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The Plight of Young, Black Men Is Worse Than You Think

Inmates at the Clinton Correctional Facility in Dannemora, New York
Inmates at the Clinton Correctional Facility in Dannemora, New YorkPhotograph by Mike Groll/AP Photo

The U.S. has the highest incarceration rate of any wealthy nation, with about 2.3 million people behind bars at any given moment. (That’s 730 out of 100,000, vs. just 154 for England and Wales.) There are more people in U.S. prisons than are in the country’s active-duty military. That much is well known. What’s less known is that people who are incarcerated are excluded from most surveys by U.S. statistical agencies. Since young, black men are disproportionately likely to be in jail or prison, the exclusion of penal institutions from the statistics makes the jobs situation of young, black men look better than it really is.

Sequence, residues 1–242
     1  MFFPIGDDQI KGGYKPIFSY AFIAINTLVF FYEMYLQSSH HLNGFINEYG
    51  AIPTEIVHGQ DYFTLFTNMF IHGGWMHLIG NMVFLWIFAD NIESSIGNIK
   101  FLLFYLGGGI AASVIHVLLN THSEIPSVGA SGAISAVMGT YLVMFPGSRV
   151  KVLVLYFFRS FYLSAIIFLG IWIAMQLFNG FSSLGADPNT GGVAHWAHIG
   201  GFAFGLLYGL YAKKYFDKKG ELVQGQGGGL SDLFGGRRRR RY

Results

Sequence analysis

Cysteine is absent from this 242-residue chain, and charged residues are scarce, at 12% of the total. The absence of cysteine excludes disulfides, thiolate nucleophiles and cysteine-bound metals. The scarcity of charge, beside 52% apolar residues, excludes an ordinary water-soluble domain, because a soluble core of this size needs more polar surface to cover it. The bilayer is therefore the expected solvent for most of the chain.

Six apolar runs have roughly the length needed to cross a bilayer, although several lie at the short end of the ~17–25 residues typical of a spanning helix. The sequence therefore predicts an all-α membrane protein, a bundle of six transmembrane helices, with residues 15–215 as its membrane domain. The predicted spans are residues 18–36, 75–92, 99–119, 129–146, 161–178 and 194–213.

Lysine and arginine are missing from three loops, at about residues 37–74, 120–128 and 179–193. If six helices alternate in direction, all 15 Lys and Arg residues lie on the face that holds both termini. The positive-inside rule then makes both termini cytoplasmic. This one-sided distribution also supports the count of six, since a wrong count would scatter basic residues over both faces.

That’s the point of a new book, Invisible Men: Mass Incarceration and the Myth of Black Progress, by Becky Pettit, a professor of sociology at the University of Washington. Pettit spoke on Thursday in a telephone press conference.